Decades later, I’m still struggling with this defensiveness to some degree. But when I heard this text read in the PAYG devotion, I realized I could escape it by allowing Jesus to be my defender. My action step here is to remind myself that Jesus is my defender whenever I feel attacked and defensive.
Interestingly enough, my wife recently shared a song with me which teaches me this same thing. I have been listening to this song incessantly ever since December. It is appropriately-enough called “Defender”.
Jesus is my defender. He is my great defender. And His way of defending me is better for me and my enemies and the world than my way ever could be. I will relinquish the drive to defend myself to Him. I will allow Him to defend me rather than defending myself. It truly is “so much better this way”. It is so much better this way in every way.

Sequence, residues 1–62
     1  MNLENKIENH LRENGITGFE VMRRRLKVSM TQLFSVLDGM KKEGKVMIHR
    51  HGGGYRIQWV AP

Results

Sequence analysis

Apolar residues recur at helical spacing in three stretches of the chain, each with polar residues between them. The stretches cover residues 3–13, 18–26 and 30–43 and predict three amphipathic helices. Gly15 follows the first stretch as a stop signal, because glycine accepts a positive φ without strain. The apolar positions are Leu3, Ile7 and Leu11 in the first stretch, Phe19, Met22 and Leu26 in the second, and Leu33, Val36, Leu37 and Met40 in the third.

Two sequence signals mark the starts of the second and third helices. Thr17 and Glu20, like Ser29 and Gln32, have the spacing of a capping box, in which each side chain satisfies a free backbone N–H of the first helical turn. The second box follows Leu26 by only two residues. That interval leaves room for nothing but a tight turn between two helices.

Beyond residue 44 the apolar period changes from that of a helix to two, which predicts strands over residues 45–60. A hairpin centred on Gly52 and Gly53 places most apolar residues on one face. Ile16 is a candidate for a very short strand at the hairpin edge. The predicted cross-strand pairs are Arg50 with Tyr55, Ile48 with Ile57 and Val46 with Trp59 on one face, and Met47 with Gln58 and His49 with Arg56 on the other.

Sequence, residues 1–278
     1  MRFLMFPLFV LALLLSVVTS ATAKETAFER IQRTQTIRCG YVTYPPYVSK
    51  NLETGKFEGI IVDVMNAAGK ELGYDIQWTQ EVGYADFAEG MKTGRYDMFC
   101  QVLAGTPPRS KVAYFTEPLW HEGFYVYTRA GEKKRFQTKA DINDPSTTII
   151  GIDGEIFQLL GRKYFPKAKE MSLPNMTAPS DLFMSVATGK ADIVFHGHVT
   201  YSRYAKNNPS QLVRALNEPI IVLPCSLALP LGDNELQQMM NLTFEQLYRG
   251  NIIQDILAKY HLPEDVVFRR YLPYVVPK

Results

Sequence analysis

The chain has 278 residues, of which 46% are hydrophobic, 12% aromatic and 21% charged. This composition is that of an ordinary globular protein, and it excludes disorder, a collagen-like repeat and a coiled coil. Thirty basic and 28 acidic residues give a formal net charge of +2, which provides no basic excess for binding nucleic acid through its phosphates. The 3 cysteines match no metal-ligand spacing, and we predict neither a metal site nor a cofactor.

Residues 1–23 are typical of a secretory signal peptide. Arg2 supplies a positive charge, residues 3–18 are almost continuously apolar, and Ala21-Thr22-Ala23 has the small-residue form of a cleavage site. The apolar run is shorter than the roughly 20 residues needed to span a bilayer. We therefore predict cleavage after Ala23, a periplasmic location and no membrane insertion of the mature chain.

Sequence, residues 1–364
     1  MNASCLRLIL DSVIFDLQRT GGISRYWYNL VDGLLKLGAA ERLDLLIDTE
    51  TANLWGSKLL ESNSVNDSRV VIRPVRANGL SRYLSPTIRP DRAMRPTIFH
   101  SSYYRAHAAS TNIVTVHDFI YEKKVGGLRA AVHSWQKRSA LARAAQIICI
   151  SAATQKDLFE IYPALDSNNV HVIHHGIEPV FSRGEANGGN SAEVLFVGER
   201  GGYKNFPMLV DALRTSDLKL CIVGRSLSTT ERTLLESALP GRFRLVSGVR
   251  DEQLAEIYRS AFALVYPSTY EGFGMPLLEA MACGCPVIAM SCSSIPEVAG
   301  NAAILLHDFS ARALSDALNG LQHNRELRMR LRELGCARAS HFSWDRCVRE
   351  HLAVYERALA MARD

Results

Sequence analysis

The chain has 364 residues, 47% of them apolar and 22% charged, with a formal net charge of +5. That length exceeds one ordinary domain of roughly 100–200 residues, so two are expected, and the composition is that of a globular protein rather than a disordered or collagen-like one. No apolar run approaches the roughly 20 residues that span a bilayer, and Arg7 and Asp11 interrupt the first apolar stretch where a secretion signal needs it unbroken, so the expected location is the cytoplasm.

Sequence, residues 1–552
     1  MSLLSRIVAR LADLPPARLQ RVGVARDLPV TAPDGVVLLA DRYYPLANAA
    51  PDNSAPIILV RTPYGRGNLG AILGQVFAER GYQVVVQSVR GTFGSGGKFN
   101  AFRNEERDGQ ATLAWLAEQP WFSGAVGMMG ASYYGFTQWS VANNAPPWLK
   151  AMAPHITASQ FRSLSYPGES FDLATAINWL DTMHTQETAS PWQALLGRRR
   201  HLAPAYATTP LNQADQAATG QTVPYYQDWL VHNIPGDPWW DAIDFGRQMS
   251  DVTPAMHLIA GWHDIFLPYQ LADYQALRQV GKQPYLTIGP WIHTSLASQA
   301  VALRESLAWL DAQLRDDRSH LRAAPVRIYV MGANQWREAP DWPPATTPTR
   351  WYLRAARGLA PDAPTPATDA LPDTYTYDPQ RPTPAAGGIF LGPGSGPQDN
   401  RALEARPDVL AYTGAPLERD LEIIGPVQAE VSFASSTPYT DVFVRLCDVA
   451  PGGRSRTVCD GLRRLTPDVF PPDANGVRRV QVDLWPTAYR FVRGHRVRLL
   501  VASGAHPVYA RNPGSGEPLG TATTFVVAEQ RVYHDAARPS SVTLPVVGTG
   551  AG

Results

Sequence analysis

That’s what I saw on April 6th, 2019.
Christmas just came early for me. I was making plans for my 2019 Bible reading plan. I read a Bible passage every day, and I usually like to follow a plan. I will finish my current plan on December 31st (ending with Jude, I think), so I need a new one.
I did not find what I was looking for. I am not concerned with reading the entire Bible in a year, which is what most plans are geared for. I’ve already read the entire Bible many times and most benefit from something that gives shorter readings than those “in a year” plans. I wanted something like what I get from the Moravian Daily Text.
That, in turn, got me thinking about the Moravian Daily Text. I access this text every night, using their “Watchword” and “Doctrinal Texts” for my nightly prayers. I have always wanted an app for the text, but have so far been limited to using the website. But I decided to check the Google Play store (I’m an Android guy), and to my great delight I found there was a new Moravian Daily Text app on it!